I’ve recently moved house and it’s time I adjusted my sewing goodies to their new digs. As part of this I’m upgrading my design wall, so while I’ve written about the virtues of a design wall and how to use a design wall before, today I thought I’d share a bit more about how to make one.
There’s a few options to explore depending on what you need so I’ll talk you through the different variations that I’ve had as my quilting has developed over the last few years.
The quickest, simplest and easiest design wall is a piece of polar fleece or extra-fuzzy flannelette that you can drape over a chair, table, curtain rod and hold in place with some safety pins or bull-dog clips. I find that a piece at least 1m or 1yd long is ok for just checking how the pieces within a block look but if you want to see how blocks and borders fit together then 1.5m or 1 1/2yds is better as it gives you enough room to see a few large blocks and multiple borders at once. This simple, portable, squashable type design wall is good to take to classes, if you only quilt occasionally, or if you’re limited or sharing space.
You can see another simple alternative here from Pauline’s Journal Working on the Quilt Blocks that is essentially a sheet, over a pole and hung from hooks or over a book case or wall.
The next option I went to is the semi-permanent design wall which is essentially a piece of heavy cardboard roughly 1-1.5m/1-1 1/2yd square and at least 1/8” thick, and a length of wadding another 20-30cm/1ft longer than the cardboard. You then cover
the cardboard with wadding and staple-gun the wadding to the cardboard. To get the wadding to stay stuck to the cardboard, lay in on the floor, spray the wadding with spray-adhesive and then carefully press the cardboard onto the wadding. Once the glue is dry, turn the wadding over the edge of the cardboard and staple it down. You can lean this one up against a wall, put some bulldog clips on the top and use these to hang it on picture hooks (as you can see in the photo, I also added an old curtain rail to the back to keep it straight which was also held on with the bull-dog clips too). The good thing about this type is that it is flat, it is still thin enough to store behind a cupboard or under a bed and big enough to still be useful.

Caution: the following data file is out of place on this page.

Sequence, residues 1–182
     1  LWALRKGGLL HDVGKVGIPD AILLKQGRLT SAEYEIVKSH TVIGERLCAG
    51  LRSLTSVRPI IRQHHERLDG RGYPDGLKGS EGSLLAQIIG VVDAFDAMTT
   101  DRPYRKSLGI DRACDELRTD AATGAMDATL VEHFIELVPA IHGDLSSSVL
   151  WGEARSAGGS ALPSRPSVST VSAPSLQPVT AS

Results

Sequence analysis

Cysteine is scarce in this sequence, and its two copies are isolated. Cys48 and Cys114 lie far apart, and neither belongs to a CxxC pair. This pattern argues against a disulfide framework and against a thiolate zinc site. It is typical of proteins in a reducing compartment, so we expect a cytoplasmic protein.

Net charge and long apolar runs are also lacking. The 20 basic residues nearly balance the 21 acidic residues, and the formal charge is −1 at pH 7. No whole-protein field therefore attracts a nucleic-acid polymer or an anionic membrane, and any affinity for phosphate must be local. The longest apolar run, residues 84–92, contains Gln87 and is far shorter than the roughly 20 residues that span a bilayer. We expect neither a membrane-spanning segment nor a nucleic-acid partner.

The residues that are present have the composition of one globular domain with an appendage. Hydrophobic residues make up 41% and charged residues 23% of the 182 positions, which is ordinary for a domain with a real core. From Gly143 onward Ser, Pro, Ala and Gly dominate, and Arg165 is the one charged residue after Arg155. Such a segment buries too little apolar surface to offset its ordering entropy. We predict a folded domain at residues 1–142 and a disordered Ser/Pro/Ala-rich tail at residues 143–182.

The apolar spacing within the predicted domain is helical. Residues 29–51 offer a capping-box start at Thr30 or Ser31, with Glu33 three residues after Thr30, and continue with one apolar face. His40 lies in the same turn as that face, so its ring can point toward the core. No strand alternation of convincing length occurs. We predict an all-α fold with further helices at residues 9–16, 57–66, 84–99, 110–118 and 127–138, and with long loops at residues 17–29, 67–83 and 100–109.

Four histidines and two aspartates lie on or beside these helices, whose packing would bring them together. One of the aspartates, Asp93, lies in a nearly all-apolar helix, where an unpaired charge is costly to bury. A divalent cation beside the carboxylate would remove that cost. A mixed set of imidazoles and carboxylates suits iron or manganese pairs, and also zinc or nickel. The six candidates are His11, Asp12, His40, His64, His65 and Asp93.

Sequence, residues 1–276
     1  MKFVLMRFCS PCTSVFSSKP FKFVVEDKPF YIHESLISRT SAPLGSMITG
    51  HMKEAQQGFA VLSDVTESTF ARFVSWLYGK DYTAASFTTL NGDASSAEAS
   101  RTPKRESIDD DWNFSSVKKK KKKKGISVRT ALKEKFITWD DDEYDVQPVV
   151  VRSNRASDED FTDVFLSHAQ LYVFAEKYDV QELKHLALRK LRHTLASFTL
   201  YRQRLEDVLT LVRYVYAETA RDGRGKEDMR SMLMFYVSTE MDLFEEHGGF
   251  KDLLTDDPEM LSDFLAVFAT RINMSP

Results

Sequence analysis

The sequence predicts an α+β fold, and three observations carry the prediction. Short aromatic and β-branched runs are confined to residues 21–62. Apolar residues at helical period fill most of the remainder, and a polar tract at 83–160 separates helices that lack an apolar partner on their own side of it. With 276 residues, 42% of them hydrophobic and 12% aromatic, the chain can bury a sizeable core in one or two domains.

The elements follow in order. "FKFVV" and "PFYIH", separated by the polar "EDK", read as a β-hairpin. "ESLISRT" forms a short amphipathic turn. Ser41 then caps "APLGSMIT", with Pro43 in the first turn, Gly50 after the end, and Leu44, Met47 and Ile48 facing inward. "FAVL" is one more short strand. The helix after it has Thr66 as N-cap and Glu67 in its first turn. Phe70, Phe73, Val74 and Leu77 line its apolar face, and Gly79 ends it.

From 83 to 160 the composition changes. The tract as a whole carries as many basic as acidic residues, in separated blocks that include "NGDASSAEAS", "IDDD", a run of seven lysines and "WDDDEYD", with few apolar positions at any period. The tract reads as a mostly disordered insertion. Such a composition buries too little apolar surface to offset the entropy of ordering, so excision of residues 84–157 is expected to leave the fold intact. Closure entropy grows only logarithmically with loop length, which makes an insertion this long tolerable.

A word of warning on staples and clips though…they scratch walls! So either make sure your staples and hidden enough in the wadding that they don’t reach the wall or cover them with felt. As you can see from the photos below, I ended up tying scraps of white fabric over the clips where they touched the wall which then stopped the wall suffering from use.
My next step is to upgrade to the framed design wall. Essentially the principle is the same as the semi-permanent design wall in that it is a surface covered with wadding, only with this one you use a picture frame, painting canvas or similar to attach the wadding to. I found a ready-made frame at a second-hand store that I am using and you can see from the pictures below how it turned out. To hang it on the wall I put two screws in the wall and just sat the inner edge of the frame on the screws (note you may need wall plugs as well is there is not a stud where you want to put the screws in).
So once you figured out which type of design wall suits you best get cracking and make one. It’s easy and inexpensive to make and you’ll wonder how you ever managed without one.